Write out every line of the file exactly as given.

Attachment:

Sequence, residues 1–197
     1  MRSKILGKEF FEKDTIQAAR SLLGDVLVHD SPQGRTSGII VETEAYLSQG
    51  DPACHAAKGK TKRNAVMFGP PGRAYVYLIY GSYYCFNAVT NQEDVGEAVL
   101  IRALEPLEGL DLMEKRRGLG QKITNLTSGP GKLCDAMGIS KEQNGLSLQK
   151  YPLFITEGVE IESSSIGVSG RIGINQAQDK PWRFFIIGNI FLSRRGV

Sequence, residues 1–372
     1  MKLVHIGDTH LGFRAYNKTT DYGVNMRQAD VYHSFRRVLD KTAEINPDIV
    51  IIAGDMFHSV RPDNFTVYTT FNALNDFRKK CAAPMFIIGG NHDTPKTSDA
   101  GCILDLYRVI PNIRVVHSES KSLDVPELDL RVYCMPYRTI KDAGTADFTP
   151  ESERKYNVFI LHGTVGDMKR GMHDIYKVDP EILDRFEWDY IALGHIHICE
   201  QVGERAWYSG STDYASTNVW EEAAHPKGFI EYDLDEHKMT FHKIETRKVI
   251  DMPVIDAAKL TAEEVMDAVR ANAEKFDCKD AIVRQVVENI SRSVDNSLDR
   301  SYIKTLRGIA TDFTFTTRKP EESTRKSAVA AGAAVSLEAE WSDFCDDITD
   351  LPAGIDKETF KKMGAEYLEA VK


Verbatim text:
Sequence, residues 1–197
     1  MRSKILGKEF FEKDTIQAAR SLLGDVLVHD SPQGRTSGII VETEAYLSQG
    51  DPACHAAKGK TKRNAVMFGP PGRAYVYLIY GSYYCFNAVT NQEDVGEAVL
   101  IRALEPLEGL DLMEKRRGLG QKITNLTSGP GKLCDAMGIS KEQNGLSLQK
   151  YPLFITEGVE IESSSIGVSG RIGINQAQDK PWRFFIIGNI FLSRRGV

Sequence, residues 1–372
     1  MKLVHIGDTH LGFRAYNKTT DYGVNMRQAD VYHSFRRVLD KTAEINPDIV
    51  IIAGDMFHSV RPDNFTVYTT FNALNDFRKK CAAPMFIIGG NHDTPKTSDA
   101  GCILDLYRVI PNIRVVHSES KSLDVPELDL RVYCMPYRTI KDAGTADFTP
   151  ESERKYNVFI LHGTVGDMKR GMHDIYKVDP EILDRFEWDY IALGHIHICE
   201  QVGERAWYSG STDYASTNVW EEAAHPKGFI EYDLDEHKMT FHKIETRKVI
   251  DMPVIDAAKL TAEEVMDAVR ANAEKFDCKD AIVRQVVENI SRSVDNSLDR
   301  SYIKTLRGIA TDFTFTTRKP EESTRKSAVA AGAAVSLEAE WSDFCDDITD
   351  LPAGIDKETF KKMGAEYLEA VK